Who has any money in The Big Lebowski? Maud Lebowski, Jeffrey's daughter, the aggressively "feminist" artist, has some money, but even that is not hers, it's her mother's. She hasn't earned it and seems to be frittering it away on ugly art and an inane lifestyle (the other artist presented in Lebowski is The Dude's landlord, with his stupefying Greek Modern Dance routine -- art doesn't seem to count for much in the Lebowski universe). The only other wealthy personage in Lebowski is Jackie Treehorn, the pornographer. So: in the world of The Big Lebowski, "Money" is represented by an embezzler, an heir and a pornographer -- as harsh a critique of American capitalism as I've ever heard.
Everyone else is barely scraping by or actively losing money hand over fist. The indignities heaped upon The Dude in this narrative are great: his house is repeatedly broken into ("Hey, Man, this is a private residence" he lazily chides a trio of armed thugs), his possessions are smashed until nothing is left of them, his car is shot at, crashed, stolen, crashed again, peed in, bashed and finally set fire to. He is punched unconscious, drugged and hit with a coffee mug. The Rich in Lebowski get richer by soaking the Poor, and every transaction between social unequals is a heartbeat away from physical violence. Even Maud, who only wants her rug back, can't resist using force upon The Dude in order to get what she wants.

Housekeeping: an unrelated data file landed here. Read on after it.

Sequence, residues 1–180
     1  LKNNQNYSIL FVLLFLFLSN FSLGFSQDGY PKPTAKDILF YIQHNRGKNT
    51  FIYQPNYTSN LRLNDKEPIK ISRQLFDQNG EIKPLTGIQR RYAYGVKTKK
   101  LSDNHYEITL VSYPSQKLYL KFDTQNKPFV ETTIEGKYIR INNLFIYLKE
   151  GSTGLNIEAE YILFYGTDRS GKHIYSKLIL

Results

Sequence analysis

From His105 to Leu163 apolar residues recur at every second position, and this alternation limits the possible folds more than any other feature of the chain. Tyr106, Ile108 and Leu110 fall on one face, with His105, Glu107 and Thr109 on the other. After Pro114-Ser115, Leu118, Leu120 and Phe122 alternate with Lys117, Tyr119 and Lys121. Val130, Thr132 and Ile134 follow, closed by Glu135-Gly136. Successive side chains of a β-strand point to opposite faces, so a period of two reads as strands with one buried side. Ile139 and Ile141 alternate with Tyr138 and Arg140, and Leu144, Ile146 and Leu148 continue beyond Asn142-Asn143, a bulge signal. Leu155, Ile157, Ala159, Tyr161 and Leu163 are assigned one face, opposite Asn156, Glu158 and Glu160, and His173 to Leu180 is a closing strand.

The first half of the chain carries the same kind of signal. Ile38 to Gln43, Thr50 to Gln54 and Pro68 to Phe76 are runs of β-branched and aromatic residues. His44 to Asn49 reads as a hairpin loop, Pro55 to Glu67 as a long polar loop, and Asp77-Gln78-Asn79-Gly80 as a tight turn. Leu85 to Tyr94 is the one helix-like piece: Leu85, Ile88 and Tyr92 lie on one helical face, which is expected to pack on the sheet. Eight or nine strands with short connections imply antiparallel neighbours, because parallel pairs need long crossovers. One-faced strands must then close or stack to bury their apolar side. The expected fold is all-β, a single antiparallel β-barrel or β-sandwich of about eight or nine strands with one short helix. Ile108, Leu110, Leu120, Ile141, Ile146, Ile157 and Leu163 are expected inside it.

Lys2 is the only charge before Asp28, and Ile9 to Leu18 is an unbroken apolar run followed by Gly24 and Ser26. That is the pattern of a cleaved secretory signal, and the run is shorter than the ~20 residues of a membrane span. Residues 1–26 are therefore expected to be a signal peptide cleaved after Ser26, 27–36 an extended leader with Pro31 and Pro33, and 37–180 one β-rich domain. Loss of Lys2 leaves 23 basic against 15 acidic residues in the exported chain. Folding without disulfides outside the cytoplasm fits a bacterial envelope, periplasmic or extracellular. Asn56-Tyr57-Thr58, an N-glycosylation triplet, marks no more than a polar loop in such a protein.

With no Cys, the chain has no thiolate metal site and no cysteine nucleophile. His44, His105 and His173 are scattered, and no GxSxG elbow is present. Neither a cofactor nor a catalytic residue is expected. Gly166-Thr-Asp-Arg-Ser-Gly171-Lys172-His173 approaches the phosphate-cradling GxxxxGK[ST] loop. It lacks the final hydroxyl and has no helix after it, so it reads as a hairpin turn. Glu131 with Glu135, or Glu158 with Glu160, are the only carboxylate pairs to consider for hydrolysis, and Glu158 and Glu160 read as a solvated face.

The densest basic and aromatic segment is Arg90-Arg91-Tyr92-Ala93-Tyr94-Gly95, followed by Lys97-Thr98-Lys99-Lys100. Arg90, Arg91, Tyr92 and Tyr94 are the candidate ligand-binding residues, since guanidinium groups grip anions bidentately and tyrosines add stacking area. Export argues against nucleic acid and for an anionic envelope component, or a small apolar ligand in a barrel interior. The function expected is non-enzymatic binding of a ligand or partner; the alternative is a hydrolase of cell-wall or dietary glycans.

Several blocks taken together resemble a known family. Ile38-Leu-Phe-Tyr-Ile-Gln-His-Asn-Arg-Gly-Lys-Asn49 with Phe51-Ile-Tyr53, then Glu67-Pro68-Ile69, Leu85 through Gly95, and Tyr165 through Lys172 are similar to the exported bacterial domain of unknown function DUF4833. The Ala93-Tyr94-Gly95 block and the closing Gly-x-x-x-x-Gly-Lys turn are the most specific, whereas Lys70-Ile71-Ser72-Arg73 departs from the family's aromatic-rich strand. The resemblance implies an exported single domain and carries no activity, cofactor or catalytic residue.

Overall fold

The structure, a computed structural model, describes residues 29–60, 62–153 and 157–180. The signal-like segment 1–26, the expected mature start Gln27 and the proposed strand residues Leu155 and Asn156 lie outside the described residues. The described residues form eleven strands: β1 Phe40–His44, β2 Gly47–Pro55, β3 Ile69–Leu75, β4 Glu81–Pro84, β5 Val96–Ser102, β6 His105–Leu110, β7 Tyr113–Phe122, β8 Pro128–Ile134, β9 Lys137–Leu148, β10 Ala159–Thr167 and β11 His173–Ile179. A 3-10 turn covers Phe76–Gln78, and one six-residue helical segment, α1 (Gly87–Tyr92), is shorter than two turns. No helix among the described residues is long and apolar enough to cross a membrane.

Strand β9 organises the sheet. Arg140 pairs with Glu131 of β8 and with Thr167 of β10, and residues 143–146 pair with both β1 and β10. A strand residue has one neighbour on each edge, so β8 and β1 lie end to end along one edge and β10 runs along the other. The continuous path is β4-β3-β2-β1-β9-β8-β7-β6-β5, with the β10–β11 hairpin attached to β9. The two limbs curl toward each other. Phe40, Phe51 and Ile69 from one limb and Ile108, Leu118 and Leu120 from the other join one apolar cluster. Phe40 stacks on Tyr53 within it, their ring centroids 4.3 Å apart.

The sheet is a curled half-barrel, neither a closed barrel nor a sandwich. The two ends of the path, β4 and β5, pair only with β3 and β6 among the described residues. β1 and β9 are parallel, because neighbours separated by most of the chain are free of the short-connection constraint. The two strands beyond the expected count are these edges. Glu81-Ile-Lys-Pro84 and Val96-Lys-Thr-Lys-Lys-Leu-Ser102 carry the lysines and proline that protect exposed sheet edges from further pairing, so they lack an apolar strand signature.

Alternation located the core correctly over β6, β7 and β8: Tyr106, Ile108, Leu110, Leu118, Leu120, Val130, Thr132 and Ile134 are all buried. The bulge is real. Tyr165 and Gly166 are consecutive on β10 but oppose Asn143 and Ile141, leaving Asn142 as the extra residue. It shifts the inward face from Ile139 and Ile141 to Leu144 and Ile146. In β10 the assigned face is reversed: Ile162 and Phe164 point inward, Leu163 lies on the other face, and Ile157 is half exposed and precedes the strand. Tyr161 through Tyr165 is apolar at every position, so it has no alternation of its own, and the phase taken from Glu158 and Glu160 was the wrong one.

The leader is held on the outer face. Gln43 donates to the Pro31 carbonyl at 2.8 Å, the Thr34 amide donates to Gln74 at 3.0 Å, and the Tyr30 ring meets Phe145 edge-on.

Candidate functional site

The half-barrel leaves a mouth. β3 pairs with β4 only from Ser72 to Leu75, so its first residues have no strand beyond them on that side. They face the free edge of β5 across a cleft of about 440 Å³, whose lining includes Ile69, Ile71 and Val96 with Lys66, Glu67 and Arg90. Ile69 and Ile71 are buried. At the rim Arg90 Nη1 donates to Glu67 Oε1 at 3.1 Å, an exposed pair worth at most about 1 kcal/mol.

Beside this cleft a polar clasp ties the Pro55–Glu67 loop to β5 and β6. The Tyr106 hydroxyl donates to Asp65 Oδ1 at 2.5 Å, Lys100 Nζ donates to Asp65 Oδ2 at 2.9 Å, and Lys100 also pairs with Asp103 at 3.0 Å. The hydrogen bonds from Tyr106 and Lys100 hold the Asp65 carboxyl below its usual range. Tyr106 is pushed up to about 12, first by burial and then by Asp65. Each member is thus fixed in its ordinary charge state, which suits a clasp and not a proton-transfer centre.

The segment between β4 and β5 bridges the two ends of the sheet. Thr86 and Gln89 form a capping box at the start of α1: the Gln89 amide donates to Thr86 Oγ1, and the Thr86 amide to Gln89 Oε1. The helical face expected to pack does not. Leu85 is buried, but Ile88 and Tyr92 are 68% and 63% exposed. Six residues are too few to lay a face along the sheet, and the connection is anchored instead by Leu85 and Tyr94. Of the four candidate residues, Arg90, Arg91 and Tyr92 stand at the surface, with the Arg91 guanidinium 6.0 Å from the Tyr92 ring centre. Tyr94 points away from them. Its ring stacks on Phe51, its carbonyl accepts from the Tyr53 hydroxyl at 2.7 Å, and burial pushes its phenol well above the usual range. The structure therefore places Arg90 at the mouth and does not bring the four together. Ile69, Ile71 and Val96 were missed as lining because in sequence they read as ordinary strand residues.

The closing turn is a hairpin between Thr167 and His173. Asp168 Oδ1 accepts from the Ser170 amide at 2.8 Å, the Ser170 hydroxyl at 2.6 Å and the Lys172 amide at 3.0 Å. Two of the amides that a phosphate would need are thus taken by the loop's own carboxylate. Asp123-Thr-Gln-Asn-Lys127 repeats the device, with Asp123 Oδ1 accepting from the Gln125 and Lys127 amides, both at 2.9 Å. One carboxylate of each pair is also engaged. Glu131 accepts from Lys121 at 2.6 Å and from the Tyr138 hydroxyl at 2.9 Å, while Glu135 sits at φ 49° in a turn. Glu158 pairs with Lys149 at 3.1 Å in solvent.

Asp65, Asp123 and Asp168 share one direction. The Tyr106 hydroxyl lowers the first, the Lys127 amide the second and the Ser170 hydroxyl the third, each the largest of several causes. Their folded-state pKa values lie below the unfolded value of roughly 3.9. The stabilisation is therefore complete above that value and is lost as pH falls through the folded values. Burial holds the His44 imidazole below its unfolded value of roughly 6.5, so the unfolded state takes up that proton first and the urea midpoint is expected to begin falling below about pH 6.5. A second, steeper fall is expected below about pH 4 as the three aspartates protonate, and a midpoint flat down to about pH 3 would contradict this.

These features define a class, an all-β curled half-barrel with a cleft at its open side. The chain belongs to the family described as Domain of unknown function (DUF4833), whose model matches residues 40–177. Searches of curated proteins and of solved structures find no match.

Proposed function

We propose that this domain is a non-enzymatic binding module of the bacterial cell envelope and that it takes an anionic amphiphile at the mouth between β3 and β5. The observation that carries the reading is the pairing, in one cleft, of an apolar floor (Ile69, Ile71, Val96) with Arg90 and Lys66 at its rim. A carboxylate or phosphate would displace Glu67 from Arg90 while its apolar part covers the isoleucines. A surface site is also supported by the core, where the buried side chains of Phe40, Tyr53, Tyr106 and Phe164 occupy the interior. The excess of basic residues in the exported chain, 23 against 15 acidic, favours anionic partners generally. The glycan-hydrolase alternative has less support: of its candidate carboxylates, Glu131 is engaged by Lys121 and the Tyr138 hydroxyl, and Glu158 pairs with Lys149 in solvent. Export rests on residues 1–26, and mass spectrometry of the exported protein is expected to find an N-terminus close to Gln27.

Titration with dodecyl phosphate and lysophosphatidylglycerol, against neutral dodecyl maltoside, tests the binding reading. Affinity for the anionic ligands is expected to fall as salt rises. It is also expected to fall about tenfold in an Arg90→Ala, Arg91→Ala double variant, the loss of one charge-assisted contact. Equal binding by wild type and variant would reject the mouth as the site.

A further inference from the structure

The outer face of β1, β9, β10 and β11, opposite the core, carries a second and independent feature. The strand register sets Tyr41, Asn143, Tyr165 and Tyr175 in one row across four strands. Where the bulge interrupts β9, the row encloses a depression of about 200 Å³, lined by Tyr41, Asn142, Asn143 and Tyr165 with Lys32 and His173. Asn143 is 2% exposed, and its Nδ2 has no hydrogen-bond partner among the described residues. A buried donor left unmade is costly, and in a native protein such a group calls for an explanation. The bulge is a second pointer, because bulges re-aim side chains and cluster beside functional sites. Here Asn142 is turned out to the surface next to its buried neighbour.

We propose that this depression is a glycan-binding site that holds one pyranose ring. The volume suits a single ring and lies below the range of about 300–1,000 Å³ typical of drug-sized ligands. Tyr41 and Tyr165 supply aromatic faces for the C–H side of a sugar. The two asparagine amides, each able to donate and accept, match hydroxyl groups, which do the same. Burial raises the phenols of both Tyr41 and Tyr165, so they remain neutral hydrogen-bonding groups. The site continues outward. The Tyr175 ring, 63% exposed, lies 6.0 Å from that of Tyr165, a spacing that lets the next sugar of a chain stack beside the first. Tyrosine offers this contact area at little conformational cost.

(The other thing Maud wants, of course, is to conceive a child. This is a succinct reversal of the argument of Raising Arizona. In the earlier movie, Ed reasoned that the Arizonas [The Rich] deserved to lose a child so that she [The Poor] could have one. In Lebowski, Maud [The Rich] assumes that it is her right to use The Dude [The Poor] as a method to get her own child -- in both movies, children are merely another expression of capital [or, as the Dude complains about pornographer Jackie Treehorn, "he treats objects as people, man.")